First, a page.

Rushden Lakes: Council objects to retail park plans

Rushden Lakes development Image copyright @RushdenLakesSC / Twitter
Image caption Rushden Lakes shopping park, by the A45 in Northamptonshire, opened in July 2017

The government is to be asked to make the final decision on whether to allow an out-of-town shopping park to expand.

Developers want to add 29 units to the existing 50 at Rushden Lakes in Northamptonshire.

East Northamptonshire Council currently has the final say, but borough councillors in Northampton have voted to ask ministers to decide instead.

A spokesman for East Northamptonshire Council said it would await the Secretary of State's response.

Councillors in Northampton voted to register "strongl objections" to plans to expand the retail park at a meeting on Tuesday night.

A report, commissioned by the Conservative-run authority, said any growth would "effectively turn Rushden Lakes into a town centre in its own right" and the park had already negatively affected Northampton town centre's "viability and vitality".

Four-million people visited the retail park in the year after it opened in 2017, according to the owners.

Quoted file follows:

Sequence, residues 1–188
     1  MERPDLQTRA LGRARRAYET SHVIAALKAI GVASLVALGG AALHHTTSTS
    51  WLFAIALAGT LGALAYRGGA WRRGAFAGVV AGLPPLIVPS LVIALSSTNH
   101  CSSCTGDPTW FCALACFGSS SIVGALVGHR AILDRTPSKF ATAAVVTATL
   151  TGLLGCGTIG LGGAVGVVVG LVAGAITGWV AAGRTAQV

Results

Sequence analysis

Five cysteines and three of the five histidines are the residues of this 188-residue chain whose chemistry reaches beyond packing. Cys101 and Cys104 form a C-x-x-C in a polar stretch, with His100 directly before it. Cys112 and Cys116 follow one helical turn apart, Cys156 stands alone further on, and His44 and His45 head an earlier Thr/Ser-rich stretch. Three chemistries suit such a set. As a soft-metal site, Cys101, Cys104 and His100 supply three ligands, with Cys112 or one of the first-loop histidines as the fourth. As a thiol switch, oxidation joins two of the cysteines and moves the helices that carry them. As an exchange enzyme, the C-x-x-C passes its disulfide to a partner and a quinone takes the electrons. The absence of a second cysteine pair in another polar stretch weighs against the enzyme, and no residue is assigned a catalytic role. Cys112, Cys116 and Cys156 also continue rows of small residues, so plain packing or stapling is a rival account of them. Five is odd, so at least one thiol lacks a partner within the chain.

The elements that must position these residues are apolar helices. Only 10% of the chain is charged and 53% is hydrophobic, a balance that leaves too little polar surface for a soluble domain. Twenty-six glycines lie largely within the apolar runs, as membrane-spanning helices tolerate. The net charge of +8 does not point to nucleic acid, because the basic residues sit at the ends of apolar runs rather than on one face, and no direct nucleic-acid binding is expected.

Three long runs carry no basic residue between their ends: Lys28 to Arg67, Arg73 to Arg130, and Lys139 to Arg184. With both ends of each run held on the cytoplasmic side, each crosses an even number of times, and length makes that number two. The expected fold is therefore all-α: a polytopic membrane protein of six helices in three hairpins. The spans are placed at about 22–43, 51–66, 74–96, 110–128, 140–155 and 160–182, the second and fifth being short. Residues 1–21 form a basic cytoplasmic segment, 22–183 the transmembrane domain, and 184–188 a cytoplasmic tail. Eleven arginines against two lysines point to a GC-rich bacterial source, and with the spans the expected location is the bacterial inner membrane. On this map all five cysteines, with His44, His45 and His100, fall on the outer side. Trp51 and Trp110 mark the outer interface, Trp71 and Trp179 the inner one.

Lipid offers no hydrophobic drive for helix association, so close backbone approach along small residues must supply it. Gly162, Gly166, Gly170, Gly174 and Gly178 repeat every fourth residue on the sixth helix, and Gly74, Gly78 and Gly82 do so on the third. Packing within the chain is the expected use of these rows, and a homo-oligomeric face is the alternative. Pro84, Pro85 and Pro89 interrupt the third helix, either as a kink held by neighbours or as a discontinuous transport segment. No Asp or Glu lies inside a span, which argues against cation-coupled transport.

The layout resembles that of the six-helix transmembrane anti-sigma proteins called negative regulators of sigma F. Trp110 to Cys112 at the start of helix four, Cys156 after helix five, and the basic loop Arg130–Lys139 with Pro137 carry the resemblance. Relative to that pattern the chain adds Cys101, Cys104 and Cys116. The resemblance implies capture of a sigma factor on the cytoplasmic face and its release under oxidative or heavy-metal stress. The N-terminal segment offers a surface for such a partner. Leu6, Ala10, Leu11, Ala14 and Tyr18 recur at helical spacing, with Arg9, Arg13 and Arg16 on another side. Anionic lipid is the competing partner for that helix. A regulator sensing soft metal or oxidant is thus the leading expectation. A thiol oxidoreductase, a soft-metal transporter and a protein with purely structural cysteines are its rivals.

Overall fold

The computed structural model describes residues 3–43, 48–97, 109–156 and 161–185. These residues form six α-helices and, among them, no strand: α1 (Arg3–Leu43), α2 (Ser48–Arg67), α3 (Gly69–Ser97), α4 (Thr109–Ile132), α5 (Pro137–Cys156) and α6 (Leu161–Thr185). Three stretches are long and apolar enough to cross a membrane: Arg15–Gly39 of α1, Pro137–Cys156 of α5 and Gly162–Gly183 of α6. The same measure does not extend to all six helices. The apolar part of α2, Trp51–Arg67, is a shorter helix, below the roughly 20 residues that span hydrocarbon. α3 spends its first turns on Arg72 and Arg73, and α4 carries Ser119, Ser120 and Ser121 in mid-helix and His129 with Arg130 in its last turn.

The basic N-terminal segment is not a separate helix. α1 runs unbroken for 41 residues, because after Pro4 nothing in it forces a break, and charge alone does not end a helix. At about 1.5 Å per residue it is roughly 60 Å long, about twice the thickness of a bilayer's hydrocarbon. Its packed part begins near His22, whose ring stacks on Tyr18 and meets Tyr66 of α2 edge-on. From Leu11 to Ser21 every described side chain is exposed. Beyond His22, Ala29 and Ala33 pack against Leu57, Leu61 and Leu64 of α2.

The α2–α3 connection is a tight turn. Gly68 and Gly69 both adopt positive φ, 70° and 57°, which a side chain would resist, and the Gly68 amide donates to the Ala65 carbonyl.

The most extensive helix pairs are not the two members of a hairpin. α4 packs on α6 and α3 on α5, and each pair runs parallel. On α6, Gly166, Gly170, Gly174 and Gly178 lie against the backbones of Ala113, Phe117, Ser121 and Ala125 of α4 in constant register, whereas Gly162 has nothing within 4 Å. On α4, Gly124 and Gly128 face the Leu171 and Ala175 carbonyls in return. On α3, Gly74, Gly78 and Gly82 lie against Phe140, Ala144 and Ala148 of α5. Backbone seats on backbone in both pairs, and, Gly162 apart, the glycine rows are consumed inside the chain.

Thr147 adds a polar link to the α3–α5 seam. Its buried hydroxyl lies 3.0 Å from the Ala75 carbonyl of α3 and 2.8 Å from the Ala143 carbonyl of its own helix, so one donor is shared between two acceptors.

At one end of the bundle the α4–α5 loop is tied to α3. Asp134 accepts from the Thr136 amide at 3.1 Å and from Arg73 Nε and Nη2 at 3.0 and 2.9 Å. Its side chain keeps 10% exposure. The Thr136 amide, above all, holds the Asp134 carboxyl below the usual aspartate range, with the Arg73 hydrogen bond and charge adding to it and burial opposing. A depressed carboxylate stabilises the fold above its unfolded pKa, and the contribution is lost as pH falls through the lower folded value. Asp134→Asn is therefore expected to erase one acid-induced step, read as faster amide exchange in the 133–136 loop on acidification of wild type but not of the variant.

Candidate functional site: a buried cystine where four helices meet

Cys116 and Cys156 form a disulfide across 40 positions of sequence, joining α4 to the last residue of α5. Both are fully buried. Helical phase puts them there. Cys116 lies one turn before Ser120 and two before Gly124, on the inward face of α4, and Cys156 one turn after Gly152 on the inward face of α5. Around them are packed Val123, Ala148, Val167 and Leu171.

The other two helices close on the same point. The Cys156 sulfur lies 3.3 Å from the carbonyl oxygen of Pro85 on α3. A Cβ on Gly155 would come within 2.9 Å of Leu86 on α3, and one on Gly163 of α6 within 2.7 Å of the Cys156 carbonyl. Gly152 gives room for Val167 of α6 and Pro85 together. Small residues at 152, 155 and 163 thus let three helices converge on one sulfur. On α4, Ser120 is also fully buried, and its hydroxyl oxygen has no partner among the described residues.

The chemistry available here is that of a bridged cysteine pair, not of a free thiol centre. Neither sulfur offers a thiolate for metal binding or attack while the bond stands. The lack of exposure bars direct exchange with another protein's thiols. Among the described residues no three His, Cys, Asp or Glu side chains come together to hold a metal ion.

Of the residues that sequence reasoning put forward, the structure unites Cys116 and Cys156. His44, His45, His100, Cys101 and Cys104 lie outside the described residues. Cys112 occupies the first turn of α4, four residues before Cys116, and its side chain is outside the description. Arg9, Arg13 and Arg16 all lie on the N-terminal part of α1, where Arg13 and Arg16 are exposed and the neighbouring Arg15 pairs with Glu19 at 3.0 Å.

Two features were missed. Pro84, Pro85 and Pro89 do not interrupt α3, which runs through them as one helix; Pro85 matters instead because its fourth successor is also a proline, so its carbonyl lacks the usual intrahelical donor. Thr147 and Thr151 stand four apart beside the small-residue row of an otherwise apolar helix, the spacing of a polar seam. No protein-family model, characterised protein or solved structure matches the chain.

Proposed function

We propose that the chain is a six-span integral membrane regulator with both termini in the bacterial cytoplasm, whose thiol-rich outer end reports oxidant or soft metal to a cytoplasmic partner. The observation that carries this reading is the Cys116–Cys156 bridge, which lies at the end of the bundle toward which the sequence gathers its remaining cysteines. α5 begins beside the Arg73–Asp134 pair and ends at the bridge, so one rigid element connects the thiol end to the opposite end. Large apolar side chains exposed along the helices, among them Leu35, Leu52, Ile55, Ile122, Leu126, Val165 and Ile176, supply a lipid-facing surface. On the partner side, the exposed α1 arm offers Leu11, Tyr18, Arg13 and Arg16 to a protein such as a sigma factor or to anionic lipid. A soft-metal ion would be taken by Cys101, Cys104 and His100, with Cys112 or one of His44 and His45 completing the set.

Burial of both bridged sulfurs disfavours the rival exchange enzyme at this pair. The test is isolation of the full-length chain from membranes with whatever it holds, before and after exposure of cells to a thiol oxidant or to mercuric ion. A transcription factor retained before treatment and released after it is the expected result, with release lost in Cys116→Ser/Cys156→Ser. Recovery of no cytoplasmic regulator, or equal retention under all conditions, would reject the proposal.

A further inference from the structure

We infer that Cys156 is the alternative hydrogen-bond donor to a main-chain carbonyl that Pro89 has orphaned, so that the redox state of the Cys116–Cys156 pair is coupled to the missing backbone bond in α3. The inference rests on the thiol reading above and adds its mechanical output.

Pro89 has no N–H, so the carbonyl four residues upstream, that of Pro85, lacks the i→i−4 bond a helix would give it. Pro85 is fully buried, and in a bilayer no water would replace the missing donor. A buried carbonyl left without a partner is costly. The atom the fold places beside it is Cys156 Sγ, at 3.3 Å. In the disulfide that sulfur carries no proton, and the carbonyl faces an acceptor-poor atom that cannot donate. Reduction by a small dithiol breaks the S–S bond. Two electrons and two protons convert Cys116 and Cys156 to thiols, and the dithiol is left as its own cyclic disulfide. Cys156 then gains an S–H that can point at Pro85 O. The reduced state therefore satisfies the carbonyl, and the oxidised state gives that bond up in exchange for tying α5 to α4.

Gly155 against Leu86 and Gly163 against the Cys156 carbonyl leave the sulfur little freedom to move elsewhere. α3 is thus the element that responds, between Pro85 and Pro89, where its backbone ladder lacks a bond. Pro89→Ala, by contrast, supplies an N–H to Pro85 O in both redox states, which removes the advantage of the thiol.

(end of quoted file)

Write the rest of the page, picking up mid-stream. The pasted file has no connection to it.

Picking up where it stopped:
Image copyright Marks and Spencer
Image caption The retail park has big stores such as Marks and Spencer, which has closed branches in nearby Northampton and Kettering

A number of shop units on Abington Street in Northampton are currently vacant, including the former Marks & Spencer and BHS stores.

The BBC broadcaster, the Reverend Richard Coles, who grew up in the town, warned earlier this year that the centre was "decaying".

James Hill, who is responsible for planning at Northampton Borough Council, said: "Town centres across the country are facing the same issues.

"I think town centres like Northampton, Rushden and Higham Ferrers have a history and character that perhaps these retail shops don't offer and, once they're gone, they're gone."

Image caption A number of shops on Abington Street in Northampton town centre are vacant

The authority objected to Rushden Lakes in its early stages but, after a public inquiry, the project was approved by the then Secretary of State Eric Pickles in 2014.

A spokeswoman for East Northamptonshire Council said: "East Northamptonshire Council will await the Secretary of State's decision to the request from Northampton Borough Council, but in the meantime will continue to assess the planning application."

The BBC has contacted the developers for comment.

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